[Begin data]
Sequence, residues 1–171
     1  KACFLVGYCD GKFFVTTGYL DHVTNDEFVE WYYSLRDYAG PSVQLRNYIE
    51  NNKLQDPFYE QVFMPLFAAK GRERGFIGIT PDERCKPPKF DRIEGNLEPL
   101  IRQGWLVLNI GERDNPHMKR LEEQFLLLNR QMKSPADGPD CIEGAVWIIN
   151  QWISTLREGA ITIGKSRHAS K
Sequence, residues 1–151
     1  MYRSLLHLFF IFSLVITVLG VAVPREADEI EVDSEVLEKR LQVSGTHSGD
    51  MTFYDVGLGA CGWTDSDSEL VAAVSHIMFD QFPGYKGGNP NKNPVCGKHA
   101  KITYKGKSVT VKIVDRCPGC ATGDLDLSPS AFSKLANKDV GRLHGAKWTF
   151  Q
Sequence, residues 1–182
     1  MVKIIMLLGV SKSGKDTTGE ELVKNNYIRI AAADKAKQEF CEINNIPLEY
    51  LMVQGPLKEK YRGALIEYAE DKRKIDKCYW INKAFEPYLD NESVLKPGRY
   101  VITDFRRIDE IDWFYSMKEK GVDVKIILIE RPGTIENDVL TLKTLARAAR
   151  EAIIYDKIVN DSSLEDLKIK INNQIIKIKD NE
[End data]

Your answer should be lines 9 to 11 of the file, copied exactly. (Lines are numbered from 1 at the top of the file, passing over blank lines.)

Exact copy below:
   101  KITYKGKSVT VKIVDRCPGC ATGDLDLSPS AFSKLANKDV GRLHGAKWTF
   151  Q
Sequence, residues 1–182